Kinect v2 Speech Bubbles Enhanced

During Summer 2014, I had the chance to work on a Kinect v2 “Speech Bubbles” app, built upon a sample project from Kinect MVP Tom Kerkhove. In the initial version, I added a speech bubble gets displayed above a person’s head when the person walks into view.


However, this created a problem for multiple people. It was displaying the same text for every person who walked into view, up to 6 people. So, I decided to update the program to display a new random message every time a new person is detected.

I quickly discovered that this created yet another problem: all the displayed messages would get updated for everyone, even when only 1 new person entered the frame. Finally, I added an array of displayed messages (one for each detected body), so that everyone gets their own randomized text.

Now, it was ready to test in the wild… so I used it at HackUMBC, a hackathon event at the University of Maryland Baltimore College.

Get the Code, Order a Dev Kit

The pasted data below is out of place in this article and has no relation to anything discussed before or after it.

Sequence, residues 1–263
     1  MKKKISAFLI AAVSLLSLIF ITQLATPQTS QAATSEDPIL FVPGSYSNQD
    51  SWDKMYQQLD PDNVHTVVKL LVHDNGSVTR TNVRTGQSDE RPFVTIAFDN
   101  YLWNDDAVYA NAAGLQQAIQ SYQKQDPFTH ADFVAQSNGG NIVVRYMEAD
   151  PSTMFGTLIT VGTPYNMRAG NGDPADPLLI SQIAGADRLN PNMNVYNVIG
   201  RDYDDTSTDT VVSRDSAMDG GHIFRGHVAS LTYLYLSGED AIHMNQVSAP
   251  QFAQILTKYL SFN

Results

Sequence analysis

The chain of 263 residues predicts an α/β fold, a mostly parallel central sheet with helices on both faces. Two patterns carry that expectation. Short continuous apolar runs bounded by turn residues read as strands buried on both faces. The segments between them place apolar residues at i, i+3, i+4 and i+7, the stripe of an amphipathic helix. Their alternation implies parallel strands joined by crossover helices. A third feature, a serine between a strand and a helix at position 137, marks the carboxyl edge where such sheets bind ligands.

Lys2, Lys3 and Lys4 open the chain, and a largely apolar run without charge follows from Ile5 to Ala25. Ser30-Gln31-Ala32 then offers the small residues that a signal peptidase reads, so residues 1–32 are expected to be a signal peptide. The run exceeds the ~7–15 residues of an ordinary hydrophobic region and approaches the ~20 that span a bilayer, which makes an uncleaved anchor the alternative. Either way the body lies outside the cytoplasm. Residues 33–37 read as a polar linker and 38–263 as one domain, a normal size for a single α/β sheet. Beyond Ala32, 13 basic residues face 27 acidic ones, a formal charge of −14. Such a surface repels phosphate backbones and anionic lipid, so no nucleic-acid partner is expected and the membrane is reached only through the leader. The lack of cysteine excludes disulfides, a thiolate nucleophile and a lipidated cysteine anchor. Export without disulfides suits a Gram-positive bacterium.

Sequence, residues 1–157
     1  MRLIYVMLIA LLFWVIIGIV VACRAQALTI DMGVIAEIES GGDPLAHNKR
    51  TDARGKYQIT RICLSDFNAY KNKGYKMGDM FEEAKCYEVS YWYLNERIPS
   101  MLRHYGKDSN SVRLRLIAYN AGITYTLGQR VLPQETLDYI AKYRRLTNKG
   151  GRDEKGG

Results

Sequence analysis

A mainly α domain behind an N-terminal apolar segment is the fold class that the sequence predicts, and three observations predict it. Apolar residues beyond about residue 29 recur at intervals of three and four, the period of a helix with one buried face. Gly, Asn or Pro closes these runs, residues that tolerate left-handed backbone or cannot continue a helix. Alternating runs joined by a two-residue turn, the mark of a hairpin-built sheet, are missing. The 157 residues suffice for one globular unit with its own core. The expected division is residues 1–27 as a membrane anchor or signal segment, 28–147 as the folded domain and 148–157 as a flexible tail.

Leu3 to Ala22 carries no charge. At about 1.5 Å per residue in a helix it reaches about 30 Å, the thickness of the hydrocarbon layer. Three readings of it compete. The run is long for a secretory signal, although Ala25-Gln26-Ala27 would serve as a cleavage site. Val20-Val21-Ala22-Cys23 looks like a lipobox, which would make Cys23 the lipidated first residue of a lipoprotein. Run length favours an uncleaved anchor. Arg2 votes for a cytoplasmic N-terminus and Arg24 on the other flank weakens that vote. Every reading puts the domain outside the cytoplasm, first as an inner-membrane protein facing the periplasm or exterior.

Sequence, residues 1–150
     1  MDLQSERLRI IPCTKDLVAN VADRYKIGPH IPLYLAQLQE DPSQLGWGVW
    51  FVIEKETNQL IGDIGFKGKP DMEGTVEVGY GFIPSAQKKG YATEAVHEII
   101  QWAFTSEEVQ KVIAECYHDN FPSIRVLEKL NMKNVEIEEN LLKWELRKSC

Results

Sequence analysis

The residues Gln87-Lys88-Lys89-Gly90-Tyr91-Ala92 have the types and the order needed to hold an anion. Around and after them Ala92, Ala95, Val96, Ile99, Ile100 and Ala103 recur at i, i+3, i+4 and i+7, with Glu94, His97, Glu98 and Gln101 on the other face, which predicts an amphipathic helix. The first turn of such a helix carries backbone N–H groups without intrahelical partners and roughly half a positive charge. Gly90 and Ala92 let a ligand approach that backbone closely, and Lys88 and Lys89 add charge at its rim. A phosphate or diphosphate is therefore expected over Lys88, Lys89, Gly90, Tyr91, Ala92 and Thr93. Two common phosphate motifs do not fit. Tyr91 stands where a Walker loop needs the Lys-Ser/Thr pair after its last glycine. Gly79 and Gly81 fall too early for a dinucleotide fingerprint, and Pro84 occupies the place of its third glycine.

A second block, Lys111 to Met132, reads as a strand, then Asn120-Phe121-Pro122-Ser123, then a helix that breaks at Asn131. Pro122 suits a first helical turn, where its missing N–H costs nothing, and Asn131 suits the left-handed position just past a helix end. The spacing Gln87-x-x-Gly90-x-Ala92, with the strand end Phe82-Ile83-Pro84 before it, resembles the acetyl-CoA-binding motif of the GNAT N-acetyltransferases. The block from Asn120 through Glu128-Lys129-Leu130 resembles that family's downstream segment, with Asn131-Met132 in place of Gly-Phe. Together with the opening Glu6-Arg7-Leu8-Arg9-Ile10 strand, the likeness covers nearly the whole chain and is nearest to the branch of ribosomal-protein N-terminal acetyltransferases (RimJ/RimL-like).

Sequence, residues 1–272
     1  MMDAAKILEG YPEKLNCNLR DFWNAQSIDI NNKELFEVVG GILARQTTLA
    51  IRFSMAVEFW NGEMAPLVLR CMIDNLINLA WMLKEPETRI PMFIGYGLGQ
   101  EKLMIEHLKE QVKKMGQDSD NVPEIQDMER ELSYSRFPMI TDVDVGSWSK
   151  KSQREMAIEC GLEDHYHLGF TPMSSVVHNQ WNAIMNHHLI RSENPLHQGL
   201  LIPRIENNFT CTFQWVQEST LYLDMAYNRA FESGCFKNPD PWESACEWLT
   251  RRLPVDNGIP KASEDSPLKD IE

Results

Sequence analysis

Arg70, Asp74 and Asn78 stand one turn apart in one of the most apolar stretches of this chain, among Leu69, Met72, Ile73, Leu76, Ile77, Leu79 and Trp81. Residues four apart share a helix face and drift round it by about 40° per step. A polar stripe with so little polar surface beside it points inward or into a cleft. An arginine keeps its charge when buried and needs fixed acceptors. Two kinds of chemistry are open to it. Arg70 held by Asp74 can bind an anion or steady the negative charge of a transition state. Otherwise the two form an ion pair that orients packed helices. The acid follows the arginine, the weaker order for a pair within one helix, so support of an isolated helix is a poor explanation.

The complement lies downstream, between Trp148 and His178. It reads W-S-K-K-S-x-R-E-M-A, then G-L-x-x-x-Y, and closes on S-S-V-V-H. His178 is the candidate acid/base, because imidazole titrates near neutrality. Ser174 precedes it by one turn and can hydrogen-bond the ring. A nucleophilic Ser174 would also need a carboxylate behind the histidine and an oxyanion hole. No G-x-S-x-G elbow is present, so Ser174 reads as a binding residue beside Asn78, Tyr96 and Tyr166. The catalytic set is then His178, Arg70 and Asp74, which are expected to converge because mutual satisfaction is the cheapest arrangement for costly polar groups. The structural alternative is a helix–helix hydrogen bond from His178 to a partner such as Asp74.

If you have a Kinect v2 dev kit, head on over to GitHub to get the source code.

If you need to order a dev kit, head on over to the Kinect v2 for WIndows website:

Try It Yourself

If you want to explore the code, try out the following steps.

  1. Start with Tom’s codebase:
  2. Update it with my initial Speech Bubble code, explained here:
  3. Follow the additional instructions below.

Additional Instructions

Next, use the step-by-step instructions and the screenshots below to update the code. The green areas indicate new additions while the red areas indicate removals/replacements (via Git).

1. Add variables for tracking multiple bodies and the text to display for each.


2. Add a call to InitializeMessages() in your MainWindow() constructor.


3. Create a new method InitializeMessages(), which initializes messages and body tracking id values.


4. In the method OnBodyFrameArrived(), add logic to update the text only when a new body is detected, just before DrawBody(). An additional parameter has been added when calling DrawBody, to pass on the text to display.


5. Update DrawBody() and DrawJoint() to pass an optional parameter for the displayed message.

screen-05a screen-05b

6. Inside DrawJoint(), use the variable textToDisplay to assign the text to be displayed.


What’s Next?

Here are some things you can do next:

  1. Experiment with different speech bubble sizes and font sizes to make the best fit.
  2. Replace the single-line text with multi-line text.
  3. Use a text delimiter and draw each new line slightly lower than the previous line.
  4. Add functionality to email the picture to an email address.
  5. Add functionality to tweet the picture with a hashtag or @ mention.

Enjoy! :-)